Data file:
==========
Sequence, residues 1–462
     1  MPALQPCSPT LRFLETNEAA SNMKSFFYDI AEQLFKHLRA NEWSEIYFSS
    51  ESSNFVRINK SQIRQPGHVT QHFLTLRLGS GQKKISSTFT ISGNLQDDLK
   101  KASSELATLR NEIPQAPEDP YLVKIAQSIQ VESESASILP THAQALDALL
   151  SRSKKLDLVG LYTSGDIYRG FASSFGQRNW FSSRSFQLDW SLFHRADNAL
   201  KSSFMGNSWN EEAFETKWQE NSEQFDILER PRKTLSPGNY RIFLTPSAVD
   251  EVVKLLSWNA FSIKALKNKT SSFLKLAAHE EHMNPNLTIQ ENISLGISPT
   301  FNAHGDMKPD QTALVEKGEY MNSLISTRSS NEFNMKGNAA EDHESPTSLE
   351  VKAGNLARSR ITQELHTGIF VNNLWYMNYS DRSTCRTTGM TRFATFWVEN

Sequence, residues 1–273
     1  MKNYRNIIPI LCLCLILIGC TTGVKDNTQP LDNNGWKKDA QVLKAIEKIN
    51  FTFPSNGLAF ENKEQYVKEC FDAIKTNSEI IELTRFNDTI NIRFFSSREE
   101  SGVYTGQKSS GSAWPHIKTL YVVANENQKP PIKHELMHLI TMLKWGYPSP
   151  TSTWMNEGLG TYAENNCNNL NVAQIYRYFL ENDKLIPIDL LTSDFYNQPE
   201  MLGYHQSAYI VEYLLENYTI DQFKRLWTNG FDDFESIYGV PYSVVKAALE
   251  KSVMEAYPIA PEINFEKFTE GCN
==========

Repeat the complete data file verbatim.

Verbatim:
Sequence, residues 1–462
     1  MPALQPCSPT LRFLETNEAA SNMKSFFYDI AEQLFKHLRA NEWSEIYFSS
    51  ESSNFVRINK SQIRQPGHVT QHFLTLRLGS GQKKISSTFT ISGNLQDDLK
   101  KASSELATLR NEIPQAPEDP YLVKIAQSIQ VESESASILP THAQALDALL
   151  SRSKKLDLVG LYTSGDIYRG FASSFGQRNW FSSRSFQLDW SLFHRADNAL
   201  KSSFMGNSWN EEAFETKWQE NSEQFDILER PRKTLSPGNY RIFLTPSAVD
   251  EVVKLLSWNA FSIKALKNKT SSFLKLAAHE EHMNPNLTIQ ENISLGISPT
   301  FNAHGDMKPD QTALVEKGEY MNSLISTRSS NEFNMKGNAA EDHESPTSLE
   351  VKAGNLARSR ITQELHTGIF VNNLWYMNYS DRSTCRTTGM TRFATFWVEN

Sequence, residues 1–273
     1  MKNYRNIIPI LCLCLILIGC TTGVKDNTQP LDNNGWKKDA QVLKAIEKIN
    51  FTFPSNGLAF ENKEQYVKEC FDAIKTNSEI IELTRFNDTI NIRFFSSREE
   101  SGVYTGQKSS GSAWPHIKTL YVVANENQKP PIKHELMHLI TMLKWGYPSP
   151  TSTWMNEGLG TYAENNCNNL NVAQIYRYFL ENDKLIPIDL LTSDFYNQPE
   201  MLGYHQSAYI VEYLLENYTI DQFKRLWTNG FDDFESIYGV PYSVVKAALE
   251  KSVMEAYPIA PEINFEKFTE GCN